7½ Essential Civil Rights Films

In honor of Martin Luther King Jr. Day, it seemed appropriate to focus on the important films of the Civil Rights Movement. While African-Americans were not the only group affected by racism and discrimination, the primary era of 1954-1968 were mostly focused on their attempts to end the racial divide that had existed in this country for centuries. Most of the films on this list are modern takes on the events of the period as the struggles of the 60’s have suddenly become extremely relevant in the current climate.

I Am Not Your Negro – This documentary about the history of racism in America, culminates in how similar the modern treatment of Black Americans is to their treatment in the post-Civil War South and during the peak of the Civil Rights Movement. It just goes to show how little has truly changed.

In the Heat of the Night – Filmed at the height of the Movement, this film features Sidney Poitier as a Northern cop who is falsely accused of a crime and fights racism in the South as he tries to find the killer. While he doesn’t change the hearts or minds of everyone he meets, he did prove himself smarter than all of the bigoted White people who underestimated him.

Loving – Telling the true story of Richard and Mildred Loving, an interracial couple living in Virginia in the 50’s, this film is focused on the federal law for interracial marriage and how it conflicted with state laws of the period. Ruth Negga gives an especially powerful performance as a woman who just wants to be with her husband, no matter his race.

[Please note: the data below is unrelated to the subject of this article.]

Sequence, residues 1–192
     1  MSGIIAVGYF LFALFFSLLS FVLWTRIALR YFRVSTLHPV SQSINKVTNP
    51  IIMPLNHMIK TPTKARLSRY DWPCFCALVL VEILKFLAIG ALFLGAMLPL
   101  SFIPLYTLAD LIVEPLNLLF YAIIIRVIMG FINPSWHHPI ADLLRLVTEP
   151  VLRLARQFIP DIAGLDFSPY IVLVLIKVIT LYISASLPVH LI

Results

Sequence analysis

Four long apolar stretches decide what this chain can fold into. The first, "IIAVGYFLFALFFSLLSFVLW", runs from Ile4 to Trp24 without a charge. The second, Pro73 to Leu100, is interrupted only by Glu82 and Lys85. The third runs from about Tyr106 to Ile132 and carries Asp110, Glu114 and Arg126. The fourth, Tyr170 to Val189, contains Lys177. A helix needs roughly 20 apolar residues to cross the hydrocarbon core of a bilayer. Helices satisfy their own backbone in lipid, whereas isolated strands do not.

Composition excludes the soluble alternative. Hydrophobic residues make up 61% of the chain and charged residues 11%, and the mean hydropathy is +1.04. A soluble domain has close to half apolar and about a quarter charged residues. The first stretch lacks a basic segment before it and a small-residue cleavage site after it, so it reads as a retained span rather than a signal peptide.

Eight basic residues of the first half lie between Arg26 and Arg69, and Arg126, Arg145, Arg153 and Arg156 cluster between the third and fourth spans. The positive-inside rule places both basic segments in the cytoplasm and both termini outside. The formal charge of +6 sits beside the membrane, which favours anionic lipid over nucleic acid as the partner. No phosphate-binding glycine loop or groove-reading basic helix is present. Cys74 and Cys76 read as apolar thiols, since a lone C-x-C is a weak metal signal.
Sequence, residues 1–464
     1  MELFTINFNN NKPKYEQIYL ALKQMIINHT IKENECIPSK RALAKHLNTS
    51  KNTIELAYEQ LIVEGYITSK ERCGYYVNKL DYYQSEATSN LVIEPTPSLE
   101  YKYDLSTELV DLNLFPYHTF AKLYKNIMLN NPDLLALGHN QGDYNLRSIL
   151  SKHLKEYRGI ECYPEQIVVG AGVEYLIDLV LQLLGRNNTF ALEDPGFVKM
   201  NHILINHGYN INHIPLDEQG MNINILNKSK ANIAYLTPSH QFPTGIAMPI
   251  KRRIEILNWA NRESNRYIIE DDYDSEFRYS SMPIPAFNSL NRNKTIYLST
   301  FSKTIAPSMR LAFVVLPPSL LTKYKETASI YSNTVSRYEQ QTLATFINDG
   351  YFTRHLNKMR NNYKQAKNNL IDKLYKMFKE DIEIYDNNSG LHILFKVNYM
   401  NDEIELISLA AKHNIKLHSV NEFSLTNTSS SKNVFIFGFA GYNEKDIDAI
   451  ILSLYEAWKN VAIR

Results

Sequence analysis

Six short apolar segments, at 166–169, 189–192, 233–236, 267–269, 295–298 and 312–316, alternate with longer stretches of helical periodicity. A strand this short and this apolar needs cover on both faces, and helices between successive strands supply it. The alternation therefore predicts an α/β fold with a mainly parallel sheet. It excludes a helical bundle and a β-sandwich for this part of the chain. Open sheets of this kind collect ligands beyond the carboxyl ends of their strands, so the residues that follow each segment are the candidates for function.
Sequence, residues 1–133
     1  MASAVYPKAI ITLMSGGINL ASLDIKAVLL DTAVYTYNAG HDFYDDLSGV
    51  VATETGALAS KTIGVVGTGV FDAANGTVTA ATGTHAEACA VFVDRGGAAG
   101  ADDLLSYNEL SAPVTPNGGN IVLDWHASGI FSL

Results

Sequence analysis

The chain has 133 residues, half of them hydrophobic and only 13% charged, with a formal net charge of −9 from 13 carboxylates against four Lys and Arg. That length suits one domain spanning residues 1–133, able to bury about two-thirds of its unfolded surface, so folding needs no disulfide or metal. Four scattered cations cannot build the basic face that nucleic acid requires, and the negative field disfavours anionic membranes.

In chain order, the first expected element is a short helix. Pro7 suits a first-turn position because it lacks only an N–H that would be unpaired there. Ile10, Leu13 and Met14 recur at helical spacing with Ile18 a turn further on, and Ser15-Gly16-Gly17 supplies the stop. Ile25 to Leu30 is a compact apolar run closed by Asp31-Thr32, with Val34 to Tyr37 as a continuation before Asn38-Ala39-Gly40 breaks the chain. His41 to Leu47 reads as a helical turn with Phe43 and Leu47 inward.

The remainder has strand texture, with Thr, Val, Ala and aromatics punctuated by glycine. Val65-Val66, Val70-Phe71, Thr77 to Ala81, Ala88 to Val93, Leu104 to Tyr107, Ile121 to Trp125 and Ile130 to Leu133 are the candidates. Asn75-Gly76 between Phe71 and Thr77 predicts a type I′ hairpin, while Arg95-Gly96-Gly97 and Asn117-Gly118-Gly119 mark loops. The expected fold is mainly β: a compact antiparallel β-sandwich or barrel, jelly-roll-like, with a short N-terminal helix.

Malcolm X – Spike Lee has never shied away from telling stories centered on race with his films representing some of the greatest works in American Cinema. Here he turns his camera onto the story of Malcolm X who represented one of the most important voices in the Civil Rights Movement and whose life was sacrificed before it saw victory.

Mississippi Burning – Death was an unfortunate cost of fighting injustice and while many of the deaths were ignored or even cheered, some were actually investigated. This film follows a pair of FBI agents looking into the disappearance of a trio of Civil Rights activists as their efforts become increasingly futile due to the lack of assistance from the local residents.

Remember the Titans – Some may argue that this is a football film more than anything else, but those people wouldn’t have seen it. This film takes place just after the end of the Civil Rights Movement and showcases exactly how difficult it was for two vastly different communities to put aside their differences and become a team.

Selma – No list would be complete without discussing Martin Luther King Jr., who was the most important voice of the period and whose untimely death brought things to a swift end. Selma refers to one of King’s most famous marches from Selma to Montgomery in protest of a Selma registrar’s refusal to allow Blacks to register to vote. An important film by an important black voice, this film represents a bleak time that is somehow more relevant than ever.

And now…the half:

To Kill a Mockingbird – Written during the early days of the Civil Rights Movement, this film follows a young girl in the 30’s and while not explicitly about racism or civil rights, it tells the story of coming-of-age in the South. Through the eyes of its young protagonist, a black man is put on trial for raping a white woman and she is forced to confront the inevitability of racism.

And now, some superlatives for films about Civil Rights.

Best: Malcolm X

My Favorite: In the Heat of the Night

Most Underrated: I Am Not Your Negro

Honorable Mentions: Fences, Guess Who’s Coming to Dinner, The Help, Hidden Figures

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